Biblical teaching can be an extreme challenge. The person with the strongest knowledge of the Bible is often left with little to no ability to teach it in a way that will actually motivate people to learn. The following three sections outline the major facets of motivational teaching. Motivational Bible teaching is relational, progressive and personal.
Motivational Teaching is Relational
Teaching is first and foremost a relationship. Many people don’t look at it this way, but the principle is there. For teaching to be successful, there must be interaction between the teacher and the student and therefore, it is relational. Take Jesus for example. He came to earth as a man, specifically a Jew in order to teach men, specifically Jews. Because of this, we must understand the relationship between the student and the teacher as well as the relationships among the students.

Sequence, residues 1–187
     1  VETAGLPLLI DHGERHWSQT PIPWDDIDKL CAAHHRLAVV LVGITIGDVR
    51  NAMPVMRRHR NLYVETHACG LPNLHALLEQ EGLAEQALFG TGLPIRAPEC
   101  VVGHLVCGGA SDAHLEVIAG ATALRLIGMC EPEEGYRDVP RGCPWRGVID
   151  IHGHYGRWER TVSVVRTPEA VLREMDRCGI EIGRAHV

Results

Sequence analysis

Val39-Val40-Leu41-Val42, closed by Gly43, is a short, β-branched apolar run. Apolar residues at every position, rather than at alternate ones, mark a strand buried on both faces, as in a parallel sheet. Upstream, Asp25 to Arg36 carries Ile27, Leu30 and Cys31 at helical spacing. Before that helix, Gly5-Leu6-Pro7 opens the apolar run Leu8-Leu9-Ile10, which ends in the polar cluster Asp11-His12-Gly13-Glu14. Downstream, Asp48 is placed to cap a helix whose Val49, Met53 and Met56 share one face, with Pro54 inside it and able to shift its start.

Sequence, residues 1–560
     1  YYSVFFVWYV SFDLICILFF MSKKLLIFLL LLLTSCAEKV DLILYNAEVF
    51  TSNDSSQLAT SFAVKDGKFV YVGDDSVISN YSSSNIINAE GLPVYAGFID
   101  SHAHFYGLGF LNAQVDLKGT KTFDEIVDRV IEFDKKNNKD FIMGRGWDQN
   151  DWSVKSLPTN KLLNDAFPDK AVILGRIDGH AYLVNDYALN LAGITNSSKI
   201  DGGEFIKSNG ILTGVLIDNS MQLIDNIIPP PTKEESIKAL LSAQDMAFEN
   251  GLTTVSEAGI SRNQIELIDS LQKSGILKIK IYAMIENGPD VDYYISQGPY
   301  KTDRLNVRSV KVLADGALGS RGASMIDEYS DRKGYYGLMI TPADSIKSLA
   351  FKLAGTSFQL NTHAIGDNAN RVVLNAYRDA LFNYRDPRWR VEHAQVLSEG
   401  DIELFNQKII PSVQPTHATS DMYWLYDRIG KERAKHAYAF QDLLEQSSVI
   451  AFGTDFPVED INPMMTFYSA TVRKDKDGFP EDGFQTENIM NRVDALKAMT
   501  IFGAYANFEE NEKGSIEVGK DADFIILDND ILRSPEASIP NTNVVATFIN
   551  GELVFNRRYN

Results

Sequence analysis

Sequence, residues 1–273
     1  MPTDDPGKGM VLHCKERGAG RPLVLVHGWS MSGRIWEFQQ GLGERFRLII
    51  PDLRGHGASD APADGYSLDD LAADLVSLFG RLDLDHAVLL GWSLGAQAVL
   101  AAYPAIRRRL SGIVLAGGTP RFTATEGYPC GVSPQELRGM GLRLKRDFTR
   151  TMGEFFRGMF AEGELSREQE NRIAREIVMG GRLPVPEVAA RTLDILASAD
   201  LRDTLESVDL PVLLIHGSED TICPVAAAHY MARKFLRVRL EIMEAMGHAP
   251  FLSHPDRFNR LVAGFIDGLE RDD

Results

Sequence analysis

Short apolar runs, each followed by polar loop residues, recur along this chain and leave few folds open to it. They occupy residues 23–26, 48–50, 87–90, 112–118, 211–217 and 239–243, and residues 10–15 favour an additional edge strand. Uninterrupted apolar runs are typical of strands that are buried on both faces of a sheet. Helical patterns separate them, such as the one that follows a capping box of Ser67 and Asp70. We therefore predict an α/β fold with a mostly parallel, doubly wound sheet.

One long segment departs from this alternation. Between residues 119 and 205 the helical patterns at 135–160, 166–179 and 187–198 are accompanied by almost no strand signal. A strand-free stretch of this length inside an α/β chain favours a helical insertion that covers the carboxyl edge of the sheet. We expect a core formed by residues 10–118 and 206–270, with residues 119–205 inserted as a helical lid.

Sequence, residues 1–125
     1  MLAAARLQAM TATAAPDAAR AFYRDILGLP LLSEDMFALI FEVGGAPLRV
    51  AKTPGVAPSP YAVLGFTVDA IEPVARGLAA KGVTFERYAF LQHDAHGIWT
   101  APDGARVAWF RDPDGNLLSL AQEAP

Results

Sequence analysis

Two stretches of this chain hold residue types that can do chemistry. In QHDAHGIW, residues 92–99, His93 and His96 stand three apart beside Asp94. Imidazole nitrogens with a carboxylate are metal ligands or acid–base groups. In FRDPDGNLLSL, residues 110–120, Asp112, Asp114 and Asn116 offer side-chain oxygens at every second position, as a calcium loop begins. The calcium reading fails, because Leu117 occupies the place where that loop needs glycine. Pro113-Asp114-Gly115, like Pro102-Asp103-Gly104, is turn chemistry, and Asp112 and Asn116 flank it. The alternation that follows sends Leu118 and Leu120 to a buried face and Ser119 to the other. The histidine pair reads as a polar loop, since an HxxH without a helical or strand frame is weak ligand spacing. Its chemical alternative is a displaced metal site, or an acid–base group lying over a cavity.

The teacher must figure out how to relate to the students. I think of when I was a teenager and I had a Sunday School teacher who was in her seventies. She was a great teacher, with a sound knowledge of the Bible, but she simply had no way to relate to the class. Now I teach the youth of our church and I struggle with it at twenty eight. The way that I relate to them is by sharing my testimony, that I walked away from the church at eighteen, and how I love them so much that I want to guide them so that they don’t do the same. It’s my ‘in’. Every teacher must have one in order to relate to the students.